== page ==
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Drug addiction is characterized by compulsive, uncontrolled cravings that force the patient to spend his life looking for and using his drug of choice. Even when a patient suffers devastating consequences in his family life, at work or at school, he is unable to stop using the drug. For many patients, drug addiction is chronic, with relapses even after long periods of remission. Physical addiction occurs with repeated drug use as the drug changes the patient’s brain but patients can also have emotional and psychological addictions to drugs. Drug Addiction often involves other dysfunctional behavior like stealing and taking great risks. Drug addicted patients are also at increased risk for other health problems brought on by risky sexual behavior, or intravenous drug use, and by the toxic effects of the drugs on their organs and body.
Your image of a drug addicted person may be that of a heroin junkie, shooting up in a back alley, but most addicts do not fit that profile at all. Patients can be addicted to doctor-prescribed tranquilizers, pain pills prescribed for a back injury, or street drugs like heroin and ecstasy. Drug addiction occurs in all age groups and professions, including lawyers, doctors, high school students, cleaning ladies, teachers, politicians and homemakers. Drugs, like narcotics and cocaine, are more physically addicting, and require less use before the patient is addicted. While personality, heredity and peer pressure can affect a person’s chances of becoming addicted, there is no one primary cause for drug addiction. About 50% of drug-addicted patients have other psychological problems like depression, attention-hyperactive deficit disorder and post-traumatic stress disorder.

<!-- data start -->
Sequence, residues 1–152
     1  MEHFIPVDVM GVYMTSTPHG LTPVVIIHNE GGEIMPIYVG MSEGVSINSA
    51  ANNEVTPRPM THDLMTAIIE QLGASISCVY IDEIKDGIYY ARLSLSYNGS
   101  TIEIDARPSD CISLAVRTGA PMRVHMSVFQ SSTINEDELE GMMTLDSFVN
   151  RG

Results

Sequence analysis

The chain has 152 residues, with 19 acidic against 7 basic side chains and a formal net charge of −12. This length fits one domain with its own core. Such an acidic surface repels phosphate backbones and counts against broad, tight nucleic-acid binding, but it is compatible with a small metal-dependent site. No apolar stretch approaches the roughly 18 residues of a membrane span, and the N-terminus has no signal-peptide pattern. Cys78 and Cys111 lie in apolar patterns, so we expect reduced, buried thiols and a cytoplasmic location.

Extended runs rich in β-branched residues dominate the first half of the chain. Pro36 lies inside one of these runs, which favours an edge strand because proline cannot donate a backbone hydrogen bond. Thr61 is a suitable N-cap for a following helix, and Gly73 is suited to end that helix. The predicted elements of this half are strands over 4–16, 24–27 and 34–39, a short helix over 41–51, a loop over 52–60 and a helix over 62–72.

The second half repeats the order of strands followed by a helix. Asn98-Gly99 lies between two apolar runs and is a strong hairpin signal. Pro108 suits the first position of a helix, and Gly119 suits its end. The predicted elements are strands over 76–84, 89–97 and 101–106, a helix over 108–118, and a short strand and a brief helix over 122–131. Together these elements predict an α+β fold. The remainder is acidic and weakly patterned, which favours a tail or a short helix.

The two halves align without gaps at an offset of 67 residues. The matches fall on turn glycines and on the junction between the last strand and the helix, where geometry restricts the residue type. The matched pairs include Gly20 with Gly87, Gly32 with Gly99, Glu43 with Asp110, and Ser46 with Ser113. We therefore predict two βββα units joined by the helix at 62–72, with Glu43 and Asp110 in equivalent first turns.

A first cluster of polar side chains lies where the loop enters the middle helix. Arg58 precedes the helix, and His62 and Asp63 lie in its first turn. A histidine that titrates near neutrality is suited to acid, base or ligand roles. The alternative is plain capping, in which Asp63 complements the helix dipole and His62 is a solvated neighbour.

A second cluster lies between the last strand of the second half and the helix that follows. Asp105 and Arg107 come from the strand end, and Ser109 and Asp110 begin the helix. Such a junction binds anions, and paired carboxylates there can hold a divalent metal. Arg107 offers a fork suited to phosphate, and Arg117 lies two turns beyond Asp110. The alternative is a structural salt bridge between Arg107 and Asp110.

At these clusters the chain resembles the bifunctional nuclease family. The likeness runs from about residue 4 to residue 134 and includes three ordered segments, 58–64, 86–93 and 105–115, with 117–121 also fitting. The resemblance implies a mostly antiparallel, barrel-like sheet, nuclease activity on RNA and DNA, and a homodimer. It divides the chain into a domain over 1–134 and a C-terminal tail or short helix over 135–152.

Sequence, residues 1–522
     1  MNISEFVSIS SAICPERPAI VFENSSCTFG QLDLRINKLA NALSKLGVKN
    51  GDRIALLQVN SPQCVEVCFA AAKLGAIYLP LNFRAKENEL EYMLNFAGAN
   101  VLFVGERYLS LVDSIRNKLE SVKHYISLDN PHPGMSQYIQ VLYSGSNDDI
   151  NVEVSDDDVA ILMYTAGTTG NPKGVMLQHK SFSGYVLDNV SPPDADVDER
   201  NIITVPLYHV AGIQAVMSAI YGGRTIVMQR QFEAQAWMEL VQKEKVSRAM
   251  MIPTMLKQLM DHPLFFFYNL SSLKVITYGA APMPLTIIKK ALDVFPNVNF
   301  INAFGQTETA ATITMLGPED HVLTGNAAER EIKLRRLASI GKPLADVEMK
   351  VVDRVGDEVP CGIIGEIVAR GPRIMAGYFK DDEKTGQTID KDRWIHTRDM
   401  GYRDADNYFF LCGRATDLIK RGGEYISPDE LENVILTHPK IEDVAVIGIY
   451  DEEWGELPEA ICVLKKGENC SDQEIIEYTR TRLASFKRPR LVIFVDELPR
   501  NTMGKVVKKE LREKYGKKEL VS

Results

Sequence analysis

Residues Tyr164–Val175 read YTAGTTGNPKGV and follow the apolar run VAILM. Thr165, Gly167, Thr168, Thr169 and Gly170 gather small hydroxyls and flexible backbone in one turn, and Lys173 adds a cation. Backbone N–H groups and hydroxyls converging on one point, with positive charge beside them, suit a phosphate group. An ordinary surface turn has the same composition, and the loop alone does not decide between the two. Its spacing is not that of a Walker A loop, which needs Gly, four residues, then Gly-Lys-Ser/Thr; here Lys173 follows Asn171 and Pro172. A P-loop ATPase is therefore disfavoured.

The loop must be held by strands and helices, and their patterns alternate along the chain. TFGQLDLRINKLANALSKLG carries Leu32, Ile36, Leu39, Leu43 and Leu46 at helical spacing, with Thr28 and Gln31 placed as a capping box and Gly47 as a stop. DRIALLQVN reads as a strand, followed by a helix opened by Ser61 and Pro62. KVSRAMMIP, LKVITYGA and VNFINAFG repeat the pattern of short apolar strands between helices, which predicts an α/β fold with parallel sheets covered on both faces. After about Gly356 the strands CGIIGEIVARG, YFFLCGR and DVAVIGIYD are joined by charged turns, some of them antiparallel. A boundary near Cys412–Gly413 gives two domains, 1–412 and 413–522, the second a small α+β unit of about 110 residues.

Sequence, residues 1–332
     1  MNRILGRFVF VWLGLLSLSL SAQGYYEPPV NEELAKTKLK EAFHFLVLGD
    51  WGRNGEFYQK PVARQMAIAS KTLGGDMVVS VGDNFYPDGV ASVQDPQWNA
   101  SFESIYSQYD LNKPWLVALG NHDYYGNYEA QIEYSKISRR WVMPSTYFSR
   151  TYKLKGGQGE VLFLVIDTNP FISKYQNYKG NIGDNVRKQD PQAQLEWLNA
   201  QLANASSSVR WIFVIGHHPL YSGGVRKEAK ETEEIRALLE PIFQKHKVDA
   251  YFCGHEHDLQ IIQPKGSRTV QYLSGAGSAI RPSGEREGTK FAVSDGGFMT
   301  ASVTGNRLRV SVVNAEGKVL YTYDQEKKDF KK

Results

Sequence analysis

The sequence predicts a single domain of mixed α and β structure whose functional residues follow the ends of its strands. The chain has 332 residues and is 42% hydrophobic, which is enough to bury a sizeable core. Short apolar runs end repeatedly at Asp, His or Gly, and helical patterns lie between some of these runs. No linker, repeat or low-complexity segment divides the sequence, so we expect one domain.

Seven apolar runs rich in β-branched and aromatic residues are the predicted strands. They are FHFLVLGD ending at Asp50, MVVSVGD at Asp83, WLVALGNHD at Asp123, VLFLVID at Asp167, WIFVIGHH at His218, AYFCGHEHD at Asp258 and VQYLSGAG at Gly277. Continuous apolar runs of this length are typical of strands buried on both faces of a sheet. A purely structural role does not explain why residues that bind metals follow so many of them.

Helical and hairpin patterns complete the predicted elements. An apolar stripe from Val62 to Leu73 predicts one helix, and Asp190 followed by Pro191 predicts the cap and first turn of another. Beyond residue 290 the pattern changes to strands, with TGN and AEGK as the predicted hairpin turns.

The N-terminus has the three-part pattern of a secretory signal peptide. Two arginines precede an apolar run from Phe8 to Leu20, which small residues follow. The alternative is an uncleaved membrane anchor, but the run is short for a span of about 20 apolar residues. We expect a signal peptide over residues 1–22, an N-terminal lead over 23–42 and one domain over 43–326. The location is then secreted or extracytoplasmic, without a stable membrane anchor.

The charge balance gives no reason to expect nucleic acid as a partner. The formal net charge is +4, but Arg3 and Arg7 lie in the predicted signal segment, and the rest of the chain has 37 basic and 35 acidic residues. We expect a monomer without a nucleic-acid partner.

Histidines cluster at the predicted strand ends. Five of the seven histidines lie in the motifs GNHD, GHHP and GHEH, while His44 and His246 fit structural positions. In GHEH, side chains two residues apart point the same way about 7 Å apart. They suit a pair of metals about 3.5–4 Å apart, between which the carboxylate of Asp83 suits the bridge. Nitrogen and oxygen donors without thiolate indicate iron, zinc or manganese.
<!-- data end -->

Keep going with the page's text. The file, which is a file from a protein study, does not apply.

Children exhibiting signs of aggression or lack of self-control, and those who are neglected or lack emotional connection to family may be at greater risk.
What are the symptoms?
The symptoms of drug addiction depend on the drug the patient is using.
Marijuana: Rapid or loud speech, laughing followed by red eyes, sleepiness, stupor in later stages. Odor on clothing or breath, forgetfulness, distorted sense of time, driving slowly, increased sense of taste, sight and sound, increased blood pressure and heart rate. Paraphernalia: rolling papers, pipes, bongs, roach clips
Depressants: Symptoms similar to drunkenness, poor coordination, confused, impaired memory, absence of expression or animation, slurred speech, slow heart rate, dizziness, drowsiness, frequent visits to different doctors for prescriptions that treat anxiety, nervousness and stress
Narcotics, Prescription Drugs, Opiates, Heroin, Codeine, Oxycontin: Drowsiness, apathy, lethargy, red nostrils, small pupils, scars on arms or other body parts from injections, slurred speech. Paraphernalia: needles, rubber tubing, spoons, bottle caps and eyedroppers. In prescription drug addiction the patient frequently visits doctors for non-specific pain, increased frequency and amount of prescription medication dosage.